This morning, Disney announced that they were creating Disney Epic Mickey, an action platformer for the Wii that’s looking to give the vaunted mouse some new life. Mickey travels to a place called the Cartoon Wasteland — a place for Disney creations that have either retired or faded into obscurity. The caretaker of the wasteland is Oswald the Lucky Rabbit, who was Walt Disney’s first star … until Mickey came along. Naturally, this leads to issues when Mickey stumbles into the wasteland and ruins the land’s sense of balance. Now, it’s up to Mickey to provide damage control.
Here’s a snippet about gameplay from Disney:
Players use the Wii Remote to wield magical paint and thinner to re-shape the world around them. Paint’s creativity and thinner’s damaging effect give the player robust tools and empowers them to make choices about how they move through the world. Each player’s decisions to use paint, thinner or both dynamically changes the world with consequences that affect the environment, interactions with other characters, and even Mickey’s appearance and abilities.
The painting concept immediately brings me right to Okami, an outstanding game from Capcom where you had the ability to “paint” items into the scenery and watch them spring to life — for instance, if you painted a sun at night, you would immediately make it daytime.
Disney sent over some screens and art for the game, so you can see it after the jump. The game’s slated to drop in the fall of 2010. Continue reading →
Ever since the Wii appeared on the gaming scene it appears that the other 2 console giants are looking to emulate the success of Nintendo’s oddly named white box with their own tentative forays into the world of motion control.
Sony showed more of it’s light up, wand like controller at TGS, demonstrating that it wasn’t just a dubiously shaped sword analogue, but that it could be used to manipulate environments in titles like Little Big Planet and thus add another level of play to such games. Whereas Microsoft is being slightly more adventurous with it’s Project Natal which promises to open players up to a whole new dimension of gaming by doing away with the controller completely, allowing players to use there bodies to interact with the gaming world.
Muramasa: The Demon Blade is an art lesson disguised as an action game. If most of my schooling was this enjoyable and simple, I’d probably be more cultured.
The Nintendo Wii has become something of the local art house for video games, as designers compensate for the system’s lack of obnoxious graphic horsepower by putting out titles with a unique visual spin. Before Muramasa came MadWorld and No More Heroes, a pair of games that stood out as much for their creative look as much as the gameplay. Okami also earned a lot of praise for its artsy vibe.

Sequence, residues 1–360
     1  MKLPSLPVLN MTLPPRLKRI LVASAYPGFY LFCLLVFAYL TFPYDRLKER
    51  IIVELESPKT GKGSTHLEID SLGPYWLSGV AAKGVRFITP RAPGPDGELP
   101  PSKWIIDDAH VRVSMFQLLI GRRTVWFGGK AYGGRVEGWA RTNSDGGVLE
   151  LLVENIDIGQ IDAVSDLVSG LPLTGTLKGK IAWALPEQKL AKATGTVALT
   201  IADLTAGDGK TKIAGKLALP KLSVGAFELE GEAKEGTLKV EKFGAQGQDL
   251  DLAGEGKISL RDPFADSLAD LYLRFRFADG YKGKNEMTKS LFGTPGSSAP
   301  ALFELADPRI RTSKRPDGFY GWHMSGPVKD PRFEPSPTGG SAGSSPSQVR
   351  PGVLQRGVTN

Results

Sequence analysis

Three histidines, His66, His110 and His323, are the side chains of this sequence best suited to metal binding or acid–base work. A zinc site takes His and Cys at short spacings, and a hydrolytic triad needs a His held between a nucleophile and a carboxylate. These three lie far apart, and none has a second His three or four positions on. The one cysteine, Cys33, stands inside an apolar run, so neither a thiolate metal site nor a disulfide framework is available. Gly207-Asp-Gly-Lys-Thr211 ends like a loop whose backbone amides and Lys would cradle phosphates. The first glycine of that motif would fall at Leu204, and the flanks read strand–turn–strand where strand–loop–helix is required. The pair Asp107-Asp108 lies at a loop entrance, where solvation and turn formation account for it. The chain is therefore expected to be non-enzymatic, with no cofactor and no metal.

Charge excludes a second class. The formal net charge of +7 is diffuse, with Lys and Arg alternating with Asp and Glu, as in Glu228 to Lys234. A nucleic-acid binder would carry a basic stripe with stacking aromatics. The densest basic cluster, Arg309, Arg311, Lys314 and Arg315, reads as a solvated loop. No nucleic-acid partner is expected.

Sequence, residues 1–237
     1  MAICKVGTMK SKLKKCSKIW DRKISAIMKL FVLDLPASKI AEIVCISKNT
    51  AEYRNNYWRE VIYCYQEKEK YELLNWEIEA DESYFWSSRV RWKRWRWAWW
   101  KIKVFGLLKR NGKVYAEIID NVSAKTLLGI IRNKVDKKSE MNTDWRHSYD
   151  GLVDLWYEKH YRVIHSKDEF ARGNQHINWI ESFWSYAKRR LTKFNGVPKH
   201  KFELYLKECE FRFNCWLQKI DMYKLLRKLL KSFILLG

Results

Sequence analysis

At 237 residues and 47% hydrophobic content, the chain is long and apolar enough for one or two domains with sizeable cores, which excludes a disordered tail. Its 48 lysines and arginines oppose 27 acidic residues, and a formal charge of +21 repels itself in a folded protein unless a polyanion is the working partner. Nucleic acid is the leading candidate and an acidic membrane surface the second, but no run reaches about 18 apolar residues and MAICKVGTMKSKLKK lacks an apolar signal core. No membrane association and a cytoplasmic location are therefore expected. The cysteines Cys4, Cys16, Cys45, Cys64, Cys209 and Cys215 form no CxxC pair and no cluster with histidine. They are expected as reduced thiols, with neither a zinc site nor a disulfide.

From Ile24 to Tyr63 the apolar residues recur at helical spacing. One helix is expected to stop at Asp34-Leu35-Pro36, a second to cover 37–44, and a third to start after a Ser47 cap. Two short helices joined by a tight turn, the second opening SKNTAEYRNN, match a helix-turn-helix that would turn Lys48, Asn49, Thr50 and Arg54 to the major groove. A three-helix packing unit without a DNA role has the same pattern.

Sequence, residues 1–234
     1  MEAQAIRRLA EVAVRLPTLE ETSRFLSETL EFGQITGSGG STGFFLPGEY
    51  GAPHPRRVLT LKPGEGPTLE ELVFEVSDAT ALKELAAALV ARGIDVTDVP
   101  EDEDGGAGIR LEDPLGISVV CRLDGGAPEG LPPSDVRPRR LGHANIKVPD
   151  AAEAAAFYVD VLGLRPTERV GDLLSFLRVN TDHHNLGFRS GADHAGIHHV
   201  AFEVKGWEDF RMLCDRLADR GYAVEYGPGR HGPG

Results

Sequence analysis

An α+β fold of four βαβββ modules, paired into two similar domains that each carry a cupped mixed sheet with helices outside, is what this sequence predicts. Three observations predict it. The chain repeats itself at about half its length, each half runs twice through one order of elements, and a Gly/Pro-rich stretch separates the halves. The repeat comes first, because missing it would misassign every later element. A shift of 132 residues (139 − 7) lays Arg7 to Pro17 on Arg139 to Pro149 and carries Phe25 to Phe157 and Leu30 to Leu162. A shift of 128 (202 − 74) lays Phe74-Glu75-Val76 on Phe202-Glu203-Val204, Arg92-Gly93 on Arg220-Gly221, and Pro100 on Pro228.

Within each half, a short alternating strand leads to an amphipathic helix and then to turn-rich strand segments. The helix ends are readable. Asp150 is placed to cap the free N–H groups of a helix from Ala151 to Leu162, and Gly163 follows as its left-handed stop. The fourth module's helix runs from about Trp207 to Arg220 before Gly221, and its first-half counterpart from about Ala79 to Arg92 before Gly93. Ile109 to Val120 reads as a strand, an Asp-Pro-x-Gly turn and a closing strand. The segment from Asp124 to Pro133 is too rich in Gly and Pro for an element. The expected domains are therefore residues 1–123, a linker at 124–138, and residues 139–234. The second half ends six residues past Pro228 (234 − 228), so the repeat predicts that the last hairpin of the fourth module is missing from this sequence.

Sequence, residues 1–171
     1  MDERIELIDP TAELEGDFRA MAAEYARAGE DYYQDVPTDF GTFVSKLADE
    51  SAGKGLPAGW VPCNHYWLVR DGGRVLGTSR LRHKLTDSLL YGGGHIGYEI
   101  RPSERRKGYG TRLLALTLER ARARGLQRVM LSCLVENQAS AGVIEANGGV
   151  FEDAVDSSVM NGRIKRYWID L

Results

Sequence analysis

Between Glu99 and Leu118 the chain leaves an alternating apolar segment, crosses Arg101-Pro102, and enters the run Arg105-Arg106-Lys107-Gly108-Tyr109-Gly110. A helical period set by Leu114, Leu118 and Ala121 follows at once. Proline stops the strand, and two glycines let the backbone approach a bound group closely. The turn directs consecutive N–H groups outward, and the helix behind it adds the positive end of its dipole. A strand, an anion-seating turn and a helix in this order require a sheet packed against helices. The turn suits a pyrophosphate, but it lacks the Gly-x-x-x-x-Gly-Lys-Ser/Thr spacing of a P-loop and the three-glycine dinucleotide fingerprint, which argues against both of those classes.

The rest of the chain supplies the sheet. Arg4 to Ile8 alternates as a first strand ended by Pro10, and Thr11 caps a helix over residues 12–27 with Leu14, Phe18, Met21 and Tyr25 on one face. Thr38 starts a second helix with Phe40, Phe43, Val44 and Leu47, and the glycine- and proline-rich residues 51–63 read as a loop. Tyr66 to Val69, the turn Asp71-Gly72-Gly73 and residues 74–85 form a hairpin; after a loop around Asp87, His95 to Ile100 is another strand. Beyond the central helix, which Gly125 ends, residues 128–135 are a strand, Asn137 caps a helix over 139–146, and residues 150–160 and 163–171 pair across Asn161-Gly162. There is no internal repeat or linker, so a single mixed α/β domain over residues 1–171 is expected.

Muramasa bobs and floats along the same artistic river, making the player feel as if they are performing within the confines of Japanese paintings rather than the standard levels one would see in most action games. Adding to the mystique is the fact that Muramasa functions as a classic side-scroller, which makes it instantly accessible to practically anyone who plays it. This approach also enables the player to immerse himself or herself in other elements, such as story.
But what not a lot people may know is that it has also helped others as a part of their physical rehabilitation. The Madonna Rehabilitation Hospital in Nebraska is using the Wii as a part of their program in helping brain injury patients get back onto their feet as you can watch in this clip below:
Seeing the Wii used for something more than simple gaming is a refreshing twist to the stereotype that games are just for fun and with Microsoft’s own full motion system for the Xbox 360, Natal, on its way, it will be interesting to see just how it might be put to similar use. Peripheral interfaces have come a long way since R.O.B. and the Lightgun for the NES, and so have the ideas that people have come up with in using them to heal as well as entertain.
Majesco announced today that the ridiculously cute Cooking Mama game franchise has sold more that 4 million units in the United States. You shouldn’t be surprised — a lovable character that asks you to “cook” stuff via the Wii Remote or DS touch-screen? Complete with actual recipes? Pseudo-teaching tool for the kitchen impaired? Makes sense, especially for all of the aspiring culinary wizards out there.
I’ll admit it: I was something of a G.I. Joe freak in the eighties and I have a box filled with figures and dossier card cutouts to prove it. Sorry collector-type people, no more unbroken blister packs. And now that a movie is on its way, it was only inevitable that a game would follow suit but looking at the trailer, I might prefer the NES versions instead. Continue reading →
Sorry. I’ve been preoccupied with Resident Evil 5, so I’ve been delinquent. I’m throwing some day-old Wii news at you. Konami released Gradius ReBirth on WiiWare, and you can download it for 1000 Wii points. It’s rated E for Everyone. Old-school Nintendo Entertainment System gamers will rejoice, as Gradius was one of the more memorable side-to-side pure shooters ever. Ah, the days when I remember my older brother throwing cartridges at the wall whenever he died at a boss for the 10th time — games were harder back then.
Anyway, I got shots, and now, so do you: Enjoy. Remember, it’s retro homage stuff.